A new bridge across the Jukskei River is part of a wider upgrade of public infrastructure that is paving the way for the transformation of Diepsloot into a social and economic hub that is also environmentally sustainable. Sulaiman Philip reports.

Connecting Ingonyama Road with William Nichol DriveThe bridge will complete the connection of Ingonyama Road with William Nichol Drive.By the end of June, residents of the informal settlement abutting the Jukskei River in Zone 7 Diepsloot will have use of a brand new bridge being constructed by the Johannesburg Development Agency (JDA).

The R76-million project completes the connection of Ingonyama Road, one of Diepsloot’s busiest thoroughfares, with William Nichol Drive, and includes the tarring of the last remaining gravel stretch of Ingonyama Road and the improvement of road and storm water infrastructure.

The project is part of the ongoing transformation of Diepsloot into a social and economic hub that is also environmentally sustainable.

Nthangeni Mulovhedzi, a development manager at the JDA, says the bridge will be a safer alternative to the main water line pipes that residents have been using to cross the river.

“The bridge will be safer and help to generate more economic activity in the area. We are seeing a lot of private investor interest in the area; as a public entity we share this sense that Diepsloot is a neighbourhood that can work in economic terms.”

The project builds on the earlier phase upgrade of the William Nichol/Ingonyama Road intersection, with both phases following the agency’s “complete street” development policy.

Construction of the new bridgeSome of the construction took place during the rainy season, which required the diversion of the river.Nthangeni explains that a street is envisioned not just as transport lane. Re-development thus also involves upgrading sidewalks, providing street lighting and creating cycling lanes. Landscaping, street seating and other pedestrian infrastructure, as well as the provision of parks where space is available, aims to improve the environment and make it a more attractive social hub.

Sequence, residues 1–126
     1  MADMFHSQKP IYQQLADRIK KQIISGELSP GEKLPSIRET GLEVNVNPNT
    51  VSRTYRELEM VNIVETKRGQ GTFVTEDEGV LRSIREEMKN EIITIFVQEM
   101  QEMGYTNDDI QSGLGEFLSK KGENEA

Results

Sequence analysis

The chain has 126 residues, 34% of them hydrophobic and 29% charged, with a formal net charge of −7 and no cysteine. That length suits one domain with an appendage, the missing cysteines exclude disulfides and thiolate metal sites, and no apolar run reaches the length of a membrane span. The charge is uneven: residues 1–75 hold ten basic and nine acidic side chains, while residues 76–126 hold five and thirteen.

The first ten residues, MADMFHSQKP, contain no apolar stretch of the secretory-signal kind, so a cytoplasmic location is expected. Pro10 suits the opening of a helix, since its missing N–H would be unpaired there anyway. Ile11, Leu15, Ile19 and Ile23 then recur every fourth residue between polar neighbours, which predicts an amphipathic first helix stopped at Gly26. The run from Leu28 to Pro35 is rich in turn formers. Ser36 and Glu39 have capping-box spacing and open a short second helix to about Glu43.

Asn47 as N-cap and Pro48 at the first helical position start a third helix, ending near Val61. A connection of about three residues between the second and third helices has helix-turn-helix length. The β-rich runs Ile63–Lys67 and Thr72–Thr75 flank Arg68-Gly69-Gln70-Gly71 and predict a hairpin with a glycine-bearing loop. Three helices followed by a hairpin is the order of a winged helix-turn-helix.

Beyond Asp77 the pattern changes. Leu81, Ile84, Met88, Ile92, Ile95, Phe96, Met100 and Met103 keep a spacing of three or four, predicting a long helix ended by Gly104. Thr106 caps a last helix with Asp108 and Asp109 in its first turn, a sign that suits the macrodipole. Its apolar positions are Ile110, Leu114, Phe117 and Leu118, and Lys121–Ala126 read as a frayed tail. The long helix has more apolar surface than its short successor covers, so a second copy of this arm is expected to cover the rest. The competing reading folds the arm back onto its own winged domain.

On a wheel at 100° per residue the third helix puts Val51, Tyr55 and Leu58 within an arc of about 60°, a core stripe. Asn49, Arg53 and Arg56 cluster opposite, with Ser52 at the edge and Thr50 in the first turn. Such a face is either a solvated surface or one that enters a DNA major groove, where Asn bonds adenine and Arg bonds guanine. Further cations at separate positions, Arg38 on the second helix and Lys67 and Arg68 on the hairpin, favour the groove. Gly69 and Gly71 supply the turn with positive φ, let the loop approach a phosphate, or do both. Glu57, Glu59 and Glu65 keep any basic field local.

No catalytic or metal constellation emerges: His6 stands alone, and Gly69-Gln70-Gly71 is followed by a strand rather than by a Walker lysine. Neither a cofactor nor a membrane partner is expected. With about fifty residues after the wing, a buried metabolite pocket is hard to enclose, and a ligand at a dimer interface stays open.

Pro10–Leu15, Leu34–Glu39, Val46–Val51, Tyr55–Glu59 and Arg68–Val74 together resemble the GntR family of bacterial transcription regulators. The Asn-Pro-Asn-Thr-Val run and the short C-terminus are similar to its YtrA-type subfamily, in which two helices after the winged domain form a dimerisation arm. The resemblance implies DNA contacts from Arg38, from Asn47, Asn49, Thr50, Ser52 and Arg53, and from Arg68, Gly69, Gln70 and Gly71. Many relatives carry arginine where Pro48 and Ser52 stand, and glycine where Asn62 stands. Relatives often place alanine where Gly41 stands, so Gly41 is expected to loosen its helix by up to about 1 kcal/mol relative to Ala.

“We want to create liveable social areas that help build social cohesion. The priority will be pedestrians and cyclists, with all the necessary public amenities. We want to encourage a healthier and active population.”

Eighty-four households were moved to make way for the construction of the bridge. The families, who are now housed in Diepsloot Extension 12, were also living on wetlands on the Jukskei River flood plain.

Finding alternative accommodation for the families was the first big challenge the project faced. “It also pushed the beginning of construction into the rainy season, which required the diversion of the river,” Nthangeni says. “Also the geotechnical conditions of the river meant we had to excavate deeper, to the foundation rock bed.”

Over the three phases of construction the project has created an estimated 300 jobs for local residents, while injecting R3.9-million directly into the local economy.

Nthangeni adds that the formalization of the route over the Jukskei will further benefit local traders. “Local traders were shifted to make way for the construction, but there are formal trading spaces included in the design. There are 72 trader stalls that have been allocated to existing traders.”

Improved mobility and social cohesion will allow Diepsloot’s estimated 160 000 residents to create economic opportunity and build social cohesion in an area where just 5 000 of the 30 000 structures are formal housing units.

The JDA, along with other government agencies, believes that upgrading social infrastructure and better linking residents to centres of economic activity will enable the transformation of the community.